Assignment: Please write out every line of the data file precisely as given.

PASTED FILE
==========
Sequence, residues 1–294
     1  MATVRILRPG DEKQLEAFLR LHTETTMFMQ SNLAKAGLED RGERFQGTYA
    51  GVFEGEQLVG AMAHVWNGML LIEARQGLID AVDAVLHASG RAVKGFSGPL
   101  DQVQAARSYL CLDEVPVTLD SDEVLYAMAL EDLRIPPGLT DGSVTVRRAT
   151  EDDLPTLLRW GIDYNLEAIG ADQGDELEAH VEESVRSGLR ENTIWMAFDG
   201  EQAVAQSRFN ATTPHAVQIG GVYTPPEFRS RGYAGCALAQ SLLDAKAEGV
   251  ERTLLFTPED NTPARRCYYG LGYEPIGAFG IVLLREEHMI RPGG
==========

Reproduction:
Sequence, residues 1–294
     1  MATVRILRPG DEKQLEAFLR LHTETTMFMQ SNLAKAGLED RGERFQGTYA
    51  GVFEGEQLVG AMAHVWNGML LIEARQGLID AVDAVLHASG RAVKGFSGPL
   101  DQVQAARSYL CLDEVPVTLD SDEVLYAMAL EDLRIPPGLT DGSVTVRRAT
   151  EDDLPTLLRW GIDYNLEAIG ADQGDELEAH VEESVRSGLR ENTIWMAFDG
   201  EQAVAQSRFN ATTPHAVQIG GVYTPPEFRS RGYAGCALAQ SLLDAKAEGV
   251  ERTLLFTPED NTPARRCYYG LGYEPIGAFG IVLLREEHMI RPGG